After the Laois hurlers got the better of Kerry in Saturday night’s breathless thriller in O’Moore Park, the winning dressing room gave off a seriously positive atmosphere.
With a couple of classic Pogues songs being played on the speakers and players making plans for the night, it was one of those magic moments that players play for.
Cahir Healy, who has been playing with Laois in either football or hurling for well over a decade now – and commutes over and back from London every weekend to wear the county jersey – was beaming as he stopped to chat in the tunnel.
“It’s super sweet,” he said, “because we’ve lost to them three times in a row and we needed to beat them for our own self confidence.
“It’s a huge relief the way we won it. We had it won, them pulling it back and then winning it in extra time.
“We didn’t get off to a good start but we hurled well in the first half. It’s the first game we played this year where there was something really concrete at stake. It’s great to get a win – we’re a young squad and hopefully it will give lads a bit of confidence to drive on.”
While Laois suffered big beatings to Galway and Limerick, the Portlaoise man knew that Kerry at home in a relegation playoff was the one they had to stand up in.
“From my own perspective I thought Galway was a complete surrender,” he added looking back on their third round clash in Salthill. “From the throw in to the end we waved the white flag.
“Against Limerick we competed. I know we conceded a big score but at least when we conceded a score, we responded. We scored 1-19. Yeah we were getting beaten but we were still going for it, still competing. Galway was the real hard one to take.
“If there wasn’t a reaction tonight, if we weren’t going to play with a bit of passion, when were we ever going to play? It was a good test for us.
“We were a young squad but if we didn’t put in a performance, if we didn’t put our bodies on the line, we were never going to do it.”
And Healy said that the reception coming off the field was a special moment.
“You’re walking off the field and maybe there is only 50 or 100 people clapping but the smile is breaking out on your face. You don’t get to experience this too often.”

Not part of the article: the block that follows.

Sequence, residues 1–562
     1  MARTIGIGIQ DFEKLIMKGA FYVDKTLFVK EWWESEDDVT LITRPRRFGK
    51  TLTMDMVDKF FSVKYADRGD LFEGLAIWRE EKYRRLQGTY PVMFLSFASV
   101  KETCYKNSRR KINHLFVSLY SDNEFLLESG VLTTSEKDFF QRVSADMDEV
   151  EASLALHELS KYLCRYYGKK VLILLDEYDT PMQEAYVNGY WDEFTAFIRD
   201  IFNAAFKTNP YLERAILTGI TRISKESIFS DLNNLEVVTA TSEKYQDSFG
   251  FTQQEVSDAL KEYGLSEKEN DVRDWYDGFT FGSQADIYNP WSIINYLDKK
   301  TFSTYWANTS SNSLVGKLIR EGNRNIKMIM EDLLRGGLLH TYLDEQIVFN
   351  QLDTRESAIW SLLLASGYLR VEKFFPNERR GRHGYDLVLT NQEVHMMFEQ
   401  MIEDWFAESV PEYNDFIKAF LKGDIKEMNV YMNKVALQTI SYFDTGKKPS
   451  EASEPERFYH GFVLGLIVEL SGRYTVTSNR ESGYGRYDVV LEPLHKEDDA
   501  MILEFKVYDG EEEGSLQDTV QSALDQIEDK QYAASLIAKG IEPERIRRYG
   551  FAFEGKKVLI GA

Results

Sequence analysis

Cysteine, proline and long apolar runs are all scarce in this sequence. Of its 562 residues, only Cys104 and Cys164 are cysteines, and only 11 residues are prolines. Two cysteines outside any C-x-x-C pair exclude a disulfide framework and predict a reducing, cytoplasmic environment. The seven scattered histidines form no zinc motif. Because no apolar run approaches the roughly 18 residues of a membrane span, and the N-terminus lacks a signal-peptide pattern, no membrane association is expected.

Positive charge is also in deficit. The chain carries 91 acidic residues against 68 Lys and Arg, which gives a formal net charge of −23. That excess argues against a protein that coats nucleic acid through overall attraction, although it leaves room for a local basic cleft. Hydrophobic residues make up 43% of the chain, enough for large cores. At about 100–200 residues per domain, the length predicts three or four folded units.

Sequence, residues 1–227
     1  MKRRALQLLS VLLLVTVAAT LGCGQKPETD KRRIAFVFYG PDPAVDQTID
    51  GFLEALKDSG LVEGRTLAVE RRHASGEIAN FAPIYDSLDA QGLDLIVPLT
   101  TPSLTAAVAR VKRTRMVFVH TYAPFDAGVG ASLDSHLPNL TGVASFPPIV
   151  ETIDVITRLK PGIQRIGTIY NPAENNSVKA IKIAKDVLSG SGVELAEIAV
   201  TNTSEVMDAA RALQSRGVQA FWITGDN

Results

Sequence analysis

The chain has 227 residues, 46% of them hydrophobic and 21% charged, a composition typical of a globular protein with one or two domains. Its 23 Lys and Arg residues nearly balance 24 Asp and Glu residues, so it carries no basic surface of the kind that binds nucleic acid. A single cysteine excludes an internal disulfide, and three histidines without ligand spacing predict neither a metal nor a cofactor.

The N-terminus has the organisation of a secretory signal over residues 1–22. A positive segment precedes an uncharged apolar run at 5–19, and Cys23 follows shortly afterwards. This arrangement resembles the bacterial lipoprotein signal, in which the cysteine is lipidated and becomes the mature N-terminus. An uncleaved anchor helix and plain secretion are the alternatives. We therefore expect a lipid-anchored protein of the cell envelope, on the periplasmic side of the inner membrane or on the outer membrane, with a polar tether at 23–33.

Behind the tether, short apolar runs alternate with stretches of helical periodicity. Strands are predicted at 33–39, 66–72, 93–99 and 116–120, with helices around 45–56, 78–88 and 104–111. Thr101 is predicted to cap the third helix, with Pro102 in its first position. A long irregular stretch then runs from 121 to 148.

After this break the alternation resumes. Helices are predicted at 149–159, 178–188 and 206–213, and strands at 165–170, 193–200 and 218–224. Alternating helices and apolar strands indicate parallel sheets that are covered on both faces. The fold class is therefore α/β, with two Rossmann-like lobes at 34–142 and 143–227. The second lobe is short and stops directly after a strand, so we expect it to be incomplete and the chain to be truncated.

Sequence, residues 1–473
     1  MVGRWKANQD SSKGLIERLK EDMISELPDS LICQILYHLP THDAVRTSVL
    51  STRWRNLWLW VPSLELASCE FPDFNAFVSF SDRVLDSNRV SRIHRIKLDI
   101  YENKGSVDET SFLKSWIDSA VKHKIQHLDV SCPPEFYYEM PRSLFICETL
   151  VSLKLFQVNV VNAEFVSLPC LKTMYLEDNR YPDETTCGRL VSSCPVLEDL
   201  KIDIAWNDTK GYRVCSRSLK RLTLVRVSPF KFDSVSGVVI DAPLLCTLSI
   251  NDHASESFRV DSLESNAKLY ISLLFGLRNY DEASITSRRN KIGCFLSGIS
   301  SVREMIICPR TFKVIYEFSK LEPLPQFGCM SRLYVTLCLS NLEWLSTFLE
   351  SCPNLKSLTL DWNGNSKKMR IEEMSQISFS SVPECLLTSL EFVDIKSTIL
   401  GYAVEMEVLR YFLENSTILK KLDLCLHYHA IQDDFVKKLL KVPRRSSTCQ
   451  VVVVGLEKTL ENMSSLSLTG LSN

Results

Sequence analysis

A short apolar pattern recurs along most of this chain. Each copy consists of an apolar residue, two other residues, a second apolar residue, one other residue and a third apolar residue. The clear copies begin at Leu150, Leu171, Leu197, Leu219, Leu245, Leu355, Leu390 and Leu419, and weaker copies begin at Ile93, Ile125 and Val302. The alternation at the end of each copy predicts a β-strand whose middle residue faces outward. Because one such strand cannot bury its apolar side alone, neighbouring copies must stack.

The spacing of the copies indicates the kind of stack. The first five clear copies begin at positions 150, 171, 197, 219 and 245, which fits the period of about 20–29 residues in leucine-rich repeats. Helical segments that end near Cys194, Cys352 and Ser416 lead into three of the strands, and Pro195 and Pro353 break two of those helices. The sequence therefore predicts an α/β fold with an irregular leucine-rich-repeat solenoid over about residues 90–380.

And while he admitted that travelling over and back every weekend is a strain, it’s something he has happily chosen to do.
“It is tough going but I don’t want to be a martyr about it. It’s something I choose to do, something I’m very passionate about doing. I’m 30 now so I’m not going to have many more years to play with Laois, that’s why I’m willing to do it.
“When I stop playing with Laois, it’s over. All my dreams as a child were to play with Portlaoise and Laois. If I packed it in because it was too hard to do it from London, then to me I’d be letting that child down.”
And playing for the Laois footballers again is something he would like to do.
“I’d love to,” he answers straight up. “I do have an ambition to go back. Hopefully after the club championship (this year) I might get the call. Myself and Peter Creedon we chatted in December but at that stage I had committed to the hurlers.
“The hurlers aren’t second to me. Playing with Laois is playing with Laois but I would like to give it another go after the way it ended for me the last time.”
He tried to combine the two for a spell a couple of years ago but his last game for the footballers ended with him being sent off in a league match against Galway.
“I want to go back and prove myself,” he added. “I didn’t play a lot of county football. I played for four years and I had a decent four years but I feel that’s not a football career.
“But I do have something inside me that I want to go back and give it another go.”
The Laois hurlers will be the main focus for the next couple of months but then it’ll be back to the familiar terrain of playing with Portlaoise again. And there is a lot going on there too.
After being denied a tenth Laois SFC title in a row by Stradbally in dramatic circumstances, the hunger is there to win it back again.
“Losing the ten in a row, it hurt, it hurt big time,” he says. “There’s no point in saying anything else. I was straight back to London after the game but lads were saying to me ‘you won nine’.
“That’s a huge achievement but there was a lot of us there for ten years, coming again, coming again and now we lost it. We’re like ‘we have to start again’, we’ve come tumbling back down. That’s the way it is. We’re going to come back and try to win it.”
And the Portlaoise hurlers have Seamus ‘Cheddar’ Plunkett as manager and Healy is really looking forward to working with him again.
“Great appointment. He’s a Town legend. Seven county hurling medals and managed us to another one. He’s a really great man and we’re delighted to have him.”